In the 1987 film “Moonstruck,” Loretta and Johnny meet up for an opera date at Lincoln Center. The flowing fountain and the pageantry of all the fancy dressed patrons attending the show depicted New York style romance at its finest. The opulent lighting and double grand staircase is the epitome of New York’s sophisticated architectural design. There was, however, a long road to the completion of Lincoln Center, and is still considered by some to be the “new” home of the Met.
The Lincoln Center for the Performing Arts spans 16.3 acres in Manhattan. The center is the apex of New York City fine arts culture, as it is home to the New York City Ballet, The New York Philharmonic, The Juilliard School of Music as well as the Metropolitan Opera.
The Metropolitan Opera already had a home in New York City since 1880 where a group of patrons got together and decided that the common people needed an alternative to the more exclusive Academy of Music. The Academy of Music looked down on what was then the nouveau riche of New York. The Metropolitan Opera gladly accommodated these new families like the Vanderbilt’s and Rockefeller’s and set aside many boxes for these exclusive patrons. It’s hard to believe but these prominent New York families were once considered interlopers abd barred from some social events. The prices for a ticket to the Met were low enough that even the working classes could save up enough for general admission and have a fairy tale experience watching those amazing performances. In 1883, the Metropolitan Opera Hose opened its doors on 39th and Broadway.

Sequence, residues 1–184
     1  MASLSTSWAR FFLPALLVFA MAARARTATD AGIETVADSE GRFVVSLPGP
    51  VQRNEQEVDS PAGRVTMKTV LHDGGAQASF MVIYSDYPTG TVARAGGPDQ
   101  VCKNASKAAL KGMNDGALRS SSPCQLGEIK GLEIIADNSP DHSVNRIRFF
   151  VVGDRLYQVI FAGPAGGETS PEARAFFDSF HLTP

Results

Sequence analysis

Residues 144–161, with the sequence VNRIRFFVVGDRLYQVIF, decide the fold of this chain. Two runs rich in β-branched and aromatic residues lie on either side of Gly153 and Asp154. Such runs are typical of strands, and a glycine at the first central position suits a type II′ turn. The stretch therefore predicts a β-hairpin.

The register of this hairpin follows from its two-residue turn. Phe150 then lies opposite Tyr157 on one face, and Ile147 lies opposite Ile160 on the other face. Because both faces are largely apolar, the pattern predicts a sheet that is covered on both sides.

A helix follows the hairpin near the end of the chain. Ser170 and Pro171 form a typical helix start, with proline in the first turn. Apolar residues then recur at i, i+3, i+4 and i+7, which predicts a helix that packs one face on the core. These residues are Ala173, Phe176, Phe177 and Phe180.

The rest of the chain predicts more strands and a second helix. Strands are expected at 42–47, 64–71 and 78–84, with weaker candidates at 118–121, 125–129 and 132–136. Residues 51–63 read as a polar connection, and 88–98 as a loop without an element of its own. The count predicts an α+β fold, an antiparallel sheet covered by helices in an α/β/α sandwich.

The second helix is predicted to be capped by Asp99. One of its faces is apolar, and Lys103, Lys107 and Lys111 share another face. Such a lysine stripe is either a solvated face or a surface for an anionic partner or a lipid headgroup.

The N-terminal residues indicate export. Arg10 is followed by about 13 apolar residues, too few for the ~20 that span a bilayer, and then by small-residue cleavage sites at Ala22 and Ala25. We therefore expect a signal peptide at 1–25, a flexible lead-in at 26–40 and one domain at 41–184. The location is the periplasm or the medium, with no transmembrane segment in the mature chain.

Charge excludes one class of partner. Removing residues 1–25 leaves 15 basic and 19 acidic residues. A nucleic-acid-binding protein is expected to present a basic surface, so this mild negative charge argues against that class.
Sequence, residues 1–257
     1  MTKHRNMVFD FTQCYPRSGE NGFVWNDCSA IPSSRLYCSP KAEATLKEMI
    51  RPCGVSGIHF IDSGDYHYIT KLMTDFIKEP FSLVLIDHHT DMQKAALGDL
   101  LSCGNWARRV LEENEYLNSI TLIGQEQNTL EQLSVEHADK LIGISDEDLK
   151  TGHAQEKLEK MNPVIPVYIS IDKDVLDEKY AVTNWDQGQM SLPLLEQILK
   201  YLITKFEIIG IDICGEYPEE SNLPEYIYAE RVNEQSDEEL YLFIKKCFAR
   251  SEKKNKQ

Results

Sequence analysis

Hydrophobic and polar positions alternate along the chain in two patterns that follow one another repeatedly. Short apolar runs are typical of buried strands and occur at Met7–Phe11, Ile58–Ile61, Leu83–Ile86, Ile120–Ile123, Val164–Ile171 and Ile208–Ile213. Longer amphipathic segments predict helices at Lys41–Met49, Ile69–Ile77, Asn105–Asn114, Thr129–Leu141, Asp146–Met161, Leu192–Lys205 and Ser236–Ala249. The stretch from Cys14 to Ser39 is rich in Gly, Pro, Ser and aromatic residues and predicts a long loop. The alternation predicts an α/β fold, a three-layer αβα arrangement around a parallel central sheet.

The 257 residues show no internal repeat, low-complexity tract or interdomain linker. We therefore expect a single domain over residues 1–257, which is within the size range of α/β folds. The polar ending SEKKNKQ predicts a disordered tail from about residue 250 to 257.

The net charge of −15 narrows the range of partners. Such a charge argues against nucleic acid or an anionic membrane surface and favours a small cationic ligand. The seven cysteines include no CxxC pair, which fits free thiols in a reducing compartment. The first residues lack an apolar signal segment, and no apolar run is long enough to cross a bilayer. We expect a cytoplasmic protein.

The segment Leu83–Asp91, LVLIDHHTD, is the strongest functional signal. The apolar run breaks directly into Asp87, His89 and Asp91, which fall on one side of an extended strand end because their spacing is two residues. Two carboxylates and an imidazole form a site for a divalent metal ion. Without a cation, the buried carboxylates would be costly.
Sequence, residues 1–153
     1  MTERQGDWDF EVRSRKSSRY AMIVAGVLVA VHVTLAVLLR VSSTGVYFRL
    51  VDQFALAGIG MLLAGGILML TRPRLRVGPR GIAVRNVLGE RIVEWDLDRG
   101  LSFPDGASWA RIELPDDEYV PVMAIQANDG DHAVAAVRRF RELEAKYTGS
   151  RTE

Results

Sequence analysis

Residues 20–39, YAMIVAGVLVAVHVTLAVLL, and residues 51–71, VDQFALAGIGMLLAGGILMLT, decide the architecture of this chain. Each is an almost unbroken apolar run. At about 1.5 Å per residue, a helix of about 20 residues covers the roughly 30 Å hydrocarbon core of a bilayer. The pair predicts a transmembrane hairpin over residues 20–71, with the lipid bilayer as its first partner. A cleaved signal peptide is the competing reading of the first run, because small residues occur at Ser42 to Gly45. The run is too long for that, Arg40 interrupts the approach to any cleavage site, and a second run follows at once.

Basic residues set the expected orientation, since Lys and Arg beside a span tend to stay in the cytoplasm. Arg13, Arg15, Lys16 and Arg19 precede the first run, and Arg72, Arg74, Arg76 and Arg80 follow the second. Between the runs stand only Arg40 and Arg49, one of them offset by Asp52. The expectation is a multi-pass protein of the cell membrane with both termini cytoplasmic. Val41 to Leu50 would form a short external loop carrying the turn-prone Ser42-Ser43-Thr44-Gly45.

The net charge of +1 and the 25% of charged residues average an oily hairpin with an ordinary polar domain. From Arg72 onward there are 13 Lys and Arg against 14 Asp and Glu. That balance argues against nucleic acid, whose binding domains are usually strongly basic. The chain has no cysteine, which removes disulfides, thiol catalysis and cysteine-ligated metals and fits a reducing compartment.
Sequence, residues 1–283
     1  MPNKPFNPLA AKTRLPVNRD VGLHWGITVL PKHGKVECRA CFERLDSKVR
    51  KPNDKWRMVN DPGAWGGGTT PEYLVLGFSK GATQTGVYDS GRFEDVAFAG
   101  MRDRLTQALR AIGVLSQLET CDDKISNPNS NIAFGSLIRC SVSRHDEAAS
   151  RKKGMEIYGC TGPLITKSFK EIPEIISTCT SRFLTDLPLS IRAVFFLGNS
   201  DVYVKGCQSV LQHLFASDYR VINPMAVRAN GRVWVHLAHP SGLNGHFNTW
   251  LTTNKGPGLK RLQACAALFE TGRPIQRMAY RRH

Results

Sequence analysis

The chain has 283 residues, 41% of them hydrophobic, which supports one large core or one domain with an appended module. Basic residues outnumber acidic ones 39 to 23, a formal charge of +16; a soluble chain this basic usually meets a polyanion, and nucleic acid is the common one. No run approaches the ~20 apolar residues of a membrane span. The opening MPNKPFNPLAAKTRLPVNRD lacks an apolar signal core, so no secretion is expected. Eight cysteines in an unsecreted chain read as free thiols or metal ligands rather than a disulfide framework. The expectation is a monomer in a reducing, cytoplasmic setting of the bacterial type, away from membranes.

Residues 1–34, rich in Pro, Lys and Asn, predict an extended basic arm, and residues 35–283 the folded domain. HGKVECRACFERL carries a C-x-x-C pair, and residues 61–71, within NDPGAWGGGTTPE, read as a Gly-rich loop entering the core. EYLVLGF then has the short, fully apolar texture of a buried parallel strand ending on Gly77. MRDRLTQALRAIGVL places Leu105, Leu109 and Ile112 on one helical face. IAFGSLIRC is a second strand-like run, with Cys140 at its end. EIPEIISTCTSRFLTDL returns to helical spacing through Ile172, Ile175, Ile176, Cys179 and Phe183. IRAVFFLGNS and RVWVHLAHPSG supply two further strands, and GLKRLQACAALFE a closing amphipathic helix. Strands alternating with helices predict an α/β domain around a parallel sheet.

The twentieth century was transforming New York in many ways. The Lincoln Center neighborhood became a mecca for artists and musicians, although it would be considered “grunge” with beatniks and Bohemians occupying the area. Planner and Philanthropist Robert Moses led the charge for urban renewal in the 1950s and 1960s while having a great partner in arms loaded with cash named John D. Rockefeller III. They brought in the best architects and planners to realize their dream of transforming this crime ridden area into a cultural utopia that would be the envy of all the modern world. What started out in the late 1950s as the “Lincoln Square Renewal Project” turned out to be a giant endeavor spanning more than a decade.
President Eisenhower presided over the ground breaking ceremony in 1959. Avery Fisher Hall, home to the New York Philharmonic, opened in 1962. The New York City Ballet opened in 1964. The Metropolitan Opera at West 62nd and 65th Streets at Columbus and Amsterdam Avenues had its opening night on September 18, 1966. In attendance for opening night was first lady, Lady Bird Johnson. From the casting of the first shovelful of dirt to opening night at the Met, Lincoln Center was well supported by those in the White House.